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would have been welcomed to a share of divine honours along with other deities, were his followers resisted even unto blood, when they advanced his claim, not to be added to the list of those deities, but utterly to discard and dethrone them.

Now, it may be thought that there can be nothing analogous to this process in the present day, and within the limits of Christendom. But the truth is, that what obtained among the literal idolaters of a former age, is still most strikingly exemplified by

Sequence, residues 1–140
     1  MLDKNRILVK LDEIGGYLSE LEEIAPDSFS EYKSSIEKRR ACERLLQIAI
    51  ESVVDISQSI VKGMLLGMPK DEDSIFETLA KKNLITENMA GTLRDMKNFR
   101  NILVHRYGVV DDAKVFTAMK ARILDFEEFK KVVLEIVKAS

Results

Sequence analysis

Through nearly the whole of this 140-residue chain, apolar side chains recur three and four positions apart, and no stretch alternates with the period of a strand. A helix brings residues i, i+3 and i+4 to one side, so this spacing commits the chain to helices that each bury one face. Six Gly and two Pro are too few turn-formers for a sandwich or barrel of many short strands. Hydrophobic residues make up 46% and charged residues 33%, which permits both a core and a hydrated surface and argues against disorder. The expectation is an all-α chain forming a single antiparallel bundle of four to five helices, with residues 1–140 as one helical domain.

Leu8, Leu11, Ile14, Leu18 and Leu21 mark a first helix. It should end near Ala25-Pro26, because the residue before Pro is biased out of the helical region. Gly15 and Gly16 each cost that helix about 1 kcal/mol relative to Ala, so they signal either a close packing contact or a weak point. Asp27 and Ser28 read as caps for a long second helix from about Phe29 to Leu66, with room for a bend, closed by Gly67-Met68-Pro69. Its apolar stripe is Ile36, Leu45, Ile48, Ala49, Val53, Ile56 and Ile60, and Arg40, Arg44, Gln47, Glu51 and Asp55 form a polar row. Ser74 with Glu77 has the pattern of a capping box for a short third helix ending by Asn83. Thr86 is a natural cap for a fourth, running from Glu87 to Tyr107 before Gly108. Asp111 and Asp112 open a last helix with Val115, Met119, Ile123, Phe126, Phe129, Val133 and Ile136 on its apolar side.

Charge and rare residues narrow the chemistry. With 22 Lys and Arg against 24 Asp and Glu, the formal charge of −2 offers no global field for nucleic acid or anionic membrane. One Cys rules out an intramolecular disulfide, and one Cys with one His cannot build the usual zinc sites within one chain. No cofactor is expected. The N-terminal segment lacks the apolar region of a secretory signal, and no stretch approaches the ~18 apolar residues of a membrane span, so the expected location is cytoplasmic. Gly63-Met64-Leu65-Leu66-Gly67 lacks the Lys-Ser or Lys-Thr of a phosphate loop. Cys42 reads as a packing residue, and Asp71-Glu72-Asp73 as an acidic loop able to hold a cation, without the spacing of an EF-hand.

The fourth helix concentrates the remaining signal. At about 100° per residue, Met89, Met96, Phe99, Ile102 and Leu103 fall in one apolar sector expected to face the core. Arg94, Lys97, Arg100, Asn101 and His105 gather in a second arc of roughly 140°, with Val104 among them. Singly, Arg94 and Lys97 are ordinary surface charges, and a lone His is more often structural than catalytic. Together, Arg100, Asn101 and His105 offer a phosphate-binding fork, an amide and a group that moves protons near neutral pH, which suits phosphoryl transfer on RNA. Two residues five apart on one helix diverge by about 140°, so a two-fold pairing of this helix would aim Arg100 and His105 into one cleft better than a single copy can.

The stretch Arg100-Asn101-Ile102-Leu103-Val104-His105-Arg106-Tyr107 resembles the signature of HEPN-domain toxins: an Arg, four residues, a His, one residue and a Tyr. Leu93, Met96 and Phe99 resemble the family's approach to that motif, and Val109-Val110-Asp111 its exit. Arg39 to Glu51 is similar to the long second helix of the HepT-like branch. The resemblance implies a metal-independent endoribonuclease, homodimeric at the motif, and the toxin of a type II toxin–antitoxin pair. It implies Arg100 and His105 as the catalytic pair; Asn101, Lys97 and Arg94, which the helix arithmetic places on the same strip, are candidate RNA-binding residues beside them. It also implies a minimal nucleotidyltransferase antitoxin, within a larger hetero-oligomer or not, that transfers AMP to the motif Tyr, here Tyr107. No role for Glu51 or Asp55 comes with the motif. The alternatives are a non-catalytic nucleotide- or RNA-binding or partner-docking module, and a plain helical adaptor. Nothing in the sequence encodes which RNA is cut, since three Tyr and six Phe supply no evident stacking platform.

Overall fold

, those of the present, who in the spiritual and substantial sense of the word, are chargeable with the whole guilt of idolatry. There may be among us the most complacent toleration for a mitigated and misconceived Christianity, while there is no toleration whatever for the real Christianity of the New Testament. So long as it only claims an assigned place in the history of man, while it leaves the heart of man in the undisturbed possession of all its native and inborn propensities--so long as it confines itself to the demand of a little room for its Sabbaths and its decencies, while it leaves the general system of human life to move as before, at the impulse of those old principles which have characterized the mind of man throughout all the generations of the world- -so long as it exacts no more than an sional act of devotion, while it suffers the objects of wealth and fame, and temporal enjoyments, to be prosecuted with as intense and habitual a devotion as ever-above all, so long as the services which it imposes are not other than the services which would have been rendered at all events to the idol of interest, or the idol of reputation; then Christianity, so far from being the object of any painful recoil on the part of man, is looked upon, by very many in society, as a seemly and most desirable appendage to the whole mass of their other concerns. It is addmitted to fill up